PROD/SCR/CAM/ED Andrei Gryazev
PROD CO Andrei Gryazev Productions / This-and-That
Before Pussy Riot, there was Voina (War), an anarchist avant-garde Russian art collective given to acts that frequently and flagrantly break the law. They’ve been a persistent thorn in Putin’s side since the group’s formation in 2007, and Andrey Gryazev’s immersive documentary on these political provocateurs—as raw cinematically as the group it depicts is socially—more than shows why.
Gryazev (whose documentary Miner’s Day was nominated for a Russian National Film Award in 2010) gained round-the-clock access to the leaders of the group, known as "Vor" (Thief), a bearded bear of a man, and "Koza" (Goat), his more delicate partner. They live underground, raise their incredibly game one-year old son Kasper (many might say, "on the edge of disaster") and carry out their "art actions"—which range from tipping over police cars to a final, rather monumental piece that is too funny to ruin by speaking about here—under cover of the night and with the help of their fellow agitators. Gryazev is there in the dilapidated apartment Vor and Koza share with other members, and he is there when Vor is caught and imprisoned. It is said, by the federal prosecutor’s office no less, that Voina has 3,000 followers throughout Russia, all of them harbouring the hope for a better tomorrow…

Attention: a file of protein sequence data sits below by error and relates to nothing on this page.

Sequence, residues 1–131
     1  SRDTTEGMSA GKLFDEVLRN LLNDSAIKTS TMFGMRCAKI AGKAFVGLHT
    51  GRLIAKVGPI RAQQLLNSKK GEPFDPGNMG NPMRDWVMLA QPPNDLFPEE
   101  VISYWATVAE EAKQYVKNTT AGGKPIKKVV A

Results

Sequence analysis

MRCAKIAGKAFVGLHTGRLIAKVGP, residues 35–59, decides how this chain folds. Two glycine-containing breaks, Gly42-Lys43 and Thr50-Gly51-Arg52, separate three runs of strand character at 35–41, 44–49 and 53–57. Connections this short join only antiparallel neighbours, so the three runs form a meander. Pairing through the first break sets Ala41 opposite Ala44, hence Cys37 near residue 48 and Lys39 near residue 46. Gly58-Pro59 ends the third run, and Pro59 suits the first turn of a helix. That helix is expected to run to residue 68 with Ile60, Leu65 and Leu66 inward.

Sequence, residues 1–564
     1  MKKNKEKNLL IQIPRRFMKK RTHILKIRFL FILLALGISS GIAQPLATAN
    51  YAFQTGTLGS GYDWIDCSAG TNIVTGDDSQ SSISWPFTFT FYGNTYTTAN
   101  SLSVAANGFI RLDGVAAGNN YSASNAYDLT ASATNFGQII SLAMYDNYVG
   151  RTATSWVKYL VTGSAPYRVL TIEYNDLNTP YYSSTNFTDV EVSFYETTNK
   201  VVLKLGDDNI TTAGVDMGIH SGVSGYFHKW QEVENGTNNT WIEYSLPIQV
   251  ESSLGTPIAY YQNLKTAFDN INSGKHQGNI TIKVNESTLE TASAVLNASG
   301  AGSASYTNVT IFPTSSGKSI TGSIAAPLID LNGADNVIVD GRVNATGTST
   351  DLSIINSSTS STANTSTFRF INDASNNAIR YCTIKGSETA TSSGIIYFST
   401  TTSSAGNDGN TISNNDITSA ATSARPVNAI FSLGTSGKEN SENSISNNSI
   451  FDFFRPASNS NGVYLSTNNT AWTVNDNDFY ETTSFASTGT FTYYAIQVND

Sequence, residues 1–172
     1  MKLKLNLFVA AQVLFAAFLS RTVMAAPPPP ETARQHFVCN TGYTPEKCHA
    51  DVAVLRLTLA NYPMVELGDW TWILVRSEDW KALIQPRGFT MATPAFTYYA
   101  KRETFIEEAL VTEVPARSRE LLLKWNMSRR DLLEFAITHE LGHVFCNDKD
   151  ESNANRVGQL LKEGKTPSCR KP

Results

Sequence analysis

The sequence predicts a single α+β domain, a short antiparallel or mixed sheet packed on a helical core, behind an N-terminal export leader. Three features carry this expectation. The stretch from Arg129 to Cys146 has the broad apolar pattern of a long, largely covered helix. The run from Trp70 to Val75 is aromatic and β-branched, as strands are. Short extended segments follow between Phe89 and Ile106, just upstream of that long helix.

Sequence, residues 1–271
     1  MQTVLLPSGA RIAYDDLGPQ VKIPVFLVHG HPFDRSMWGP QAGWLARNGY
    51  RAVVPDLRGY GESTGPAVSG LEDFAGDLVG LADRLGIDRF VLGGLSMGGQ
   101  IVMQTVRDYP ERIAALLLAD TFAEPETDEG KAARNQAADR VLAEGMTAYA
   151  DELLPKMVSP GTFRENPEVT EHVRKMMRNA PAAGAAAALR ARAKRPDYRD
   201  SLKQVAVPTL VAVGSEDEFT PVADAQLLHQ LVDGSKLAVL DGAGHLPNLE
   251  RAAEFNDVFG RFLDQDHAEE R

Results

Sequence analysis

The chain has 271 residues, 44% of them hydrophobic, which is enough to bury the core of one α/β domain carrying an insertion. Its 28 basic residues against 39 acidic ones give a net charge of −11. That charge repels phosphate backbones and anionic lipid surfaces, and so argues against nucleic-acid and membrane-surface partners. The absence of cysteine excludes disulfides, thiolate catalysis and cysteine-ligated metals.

"An oddly stirring, gripping and thought-provoking piece of work about a group of artists… whose art-actions have exposed them to arrest and beatings, and attracted the support of fellow artists from Brian Eno to Banksy."—Screen